What happens to your articleafter submission?the Review Process, Ethics, PublishingContracts, Dissemination and Open AccessCaroline SuttonPublisher, Co-Action PublishingPresident, Open Access Scholarly Publisher’s Association (OASPA)with input from Helle Goldman, Editor-in-Chief, Polar ResearchShared under a CCBY license Lund University, CMPS Research School Retreat, Röstånga, 30 Aug. 2012
Many of these slides are based on awebinar presentation given by HelleGoldman and Caroline Sutton for APECS,Association of Polar Early Career Scientists.The video is available here:http://vimeo.com/39241330Thank you to Editor-in-Chief Helle Goldmanfor permission to use her contributions inthis presentation (slides 3-13). They havebeen modified from the original.
A bit about Co-Action Publishing Founded by three former executives from academic publishing industry Established as Swedish limited liability company in 2007 Founding Member Open Access Scholarly Publishers Association, OASPA, current President Publish Open Access journals across disciplines, including Social Sciences and the Humanities, but primarily medicine Strong focus on quality of experience publishing authors have when working with us.
What happens to your ms afterit’s submitted(1) Ms is checked at editorial office.(2) Editor invites reviewers (usually 2-5) Editor identifies reviewers from: • people who have reviewed for the journal before • authors in the ms’s reference list • authors of relevant articles in ISI Web of Science • editor’s professional network • author’s suggestions (in cover letter or online submission form)
Tips1) Read all the instructions/guidelines2) Have your paper language edited if needed3) May suggest reviewers or be asked to suggest reviewers4) Anticipate what reviewers will say about your ms.K.A. Nicholas & W. Gordon 2011. A quick guide to writing a solidpeer review. Eos, Transactions, American Geophysical Union 92,233-234.
What happens to your ms after it’s submitted(6) Revised submission is evaluated.The revised ms will then be straight-accepted, straight-rejected ormore revisions will be asked for. Ms can go through several roundsof review/ revision. Depends on the journal’s editorial policy andmanpower.(7) If accepted, you will probably be required to sign some kind ofpublishing agreement.(8) Paper is edited, copyedited, styled to layout, differentformats generated, metadata added,(9) You will receive proofs that you are usually expected to turnaround quickly with your corrections. You may or may not get tosee/correct revised proofs – practice varies.(10) Published – and sent to database and indexing services, preserved, etc.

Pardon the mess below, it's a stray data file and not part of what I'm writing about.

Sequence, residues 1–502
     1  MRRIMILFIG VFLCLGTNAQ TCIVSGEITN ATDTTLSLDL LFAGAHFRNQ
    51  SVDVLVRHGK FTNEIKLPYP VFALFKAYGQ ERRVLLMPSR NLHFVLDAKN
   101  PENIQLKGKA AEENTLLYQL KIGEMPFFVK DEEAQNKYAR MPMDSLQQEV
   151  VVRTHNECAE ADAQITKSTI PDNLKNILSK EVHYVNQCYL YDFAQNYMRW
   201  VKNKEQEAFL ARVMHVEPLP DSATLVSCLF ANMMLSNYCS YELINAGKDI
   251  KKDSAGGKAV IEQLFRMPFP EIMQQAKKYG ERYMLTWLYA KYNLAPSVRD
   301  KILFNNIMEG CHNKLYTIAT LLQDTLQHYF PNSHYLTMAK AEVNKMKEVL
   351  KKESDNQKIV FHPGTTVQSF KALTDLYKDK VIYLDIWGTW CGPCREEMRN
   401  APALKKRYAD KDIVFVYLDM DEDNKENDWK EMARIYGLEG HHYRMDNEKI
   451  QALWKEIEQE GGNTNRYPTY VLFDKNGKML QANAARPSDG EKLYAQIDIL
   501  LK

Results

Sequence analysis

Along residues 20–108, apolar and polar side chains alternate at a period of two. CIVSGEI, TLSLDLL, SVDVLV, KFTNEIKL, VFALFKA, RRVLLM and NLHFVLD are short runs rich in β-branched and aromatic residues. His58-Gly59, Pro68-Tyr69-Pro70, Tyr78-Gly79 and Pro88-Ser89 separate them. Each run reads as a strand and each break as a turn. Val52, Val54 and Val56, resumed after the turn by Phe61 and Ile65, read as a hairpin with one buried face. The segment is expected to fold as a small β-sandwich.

Understand your publishing agreement Read your agreement with care. Make sure you understand what the agreement permits you to do with the various versions of the article. In doubt? Get clarification from the publishers! Librarians are also very knowledgeable about this! If you’re the corresponding author, ensure your co- authors have read and understood the terms of the agreement. If you’re not the corr. author, make sure you’ve read and understood the agreement. Make sure you understand your university’s and/or funder’s policies.
What happens to your ms afterit’s submitted(3) Reviewers send in their reviews.(4) Editor assesses the reviews.(5) Editor makes decision • Straight reject • Rejected, but paper can be resubmitted: a radical overhaul might salvage the paper. Editor isn’t confident you can pull it off but is willing to give you a chance. • Conditional acceptance: paper needs major or minor revisions; editor is fairly sure you can handle it but can’t commit to publishing it yet. • Straight accept. No changes needed. Rare!
Understand your publishing agreement• Submitted Manuscript under Review (SMuR), also known asAuthor’s Original Version or "preprint".• Accepted Manuscript (AM), also known as "postprint". Not yetedited, copyedited or laid out.• Version of Record (VoR) or Definitive Work: fixed version ofjournal article. The final, corrected, laid-out version (may or maynot include page numbers). Includes "early release" article that’sformally identified as having been published before the compilationof a volume issue – as long as it’s citable via a permanentidentifier. Doesn’t include "early release” article that’s stillundergoing copyediting, proof correction, layout changes. Source: NISO/ALPSP Journal Article Versions Technical Working Group 2008. Journal article versions (JAV): recommendations of the NISO/ALPSP JAV Technical Working Group. NISO- RP-8-2008. Baltimore: National Information Standards Organization. Available at www.niso.org/publications/rp/RP-8-2008.pdf
Understand your publishing agreement Most publishers’ agreements allow authors to do the following with Submitted (SMuR) and Accepted (AM) ("preprints" & "postprints”): • pass around to colleagues • use in course packs • post on personal/institutional website/repository – often after a waiting ("embargo") period, e.g., 2 yearsSource: S. Morris 2009. Journal authors’ rights: perception and reality. PRC Summary Paper 5. London: Publishing ResearchConsortium. Available at http://www.publishingresearch.net/author_rights.htm
Understand your publishingagreementMost publishers’ agreements allow authors to do thefollowing with the final published PDF (VoR) of theirarticles:• e-mail to colleagues• use in course packs Most publishers (> 90%) do not allow authors to post final published PDF on personal/institutional website/repositories.* Source: Morris 2009.*Most authors think this is permitted.Check: SHERPA/RoMEO http://www.sherpa.ac.uk/romeo/ forPublisher copyright policies and self-archivingLibrarians are also knowledgeable here!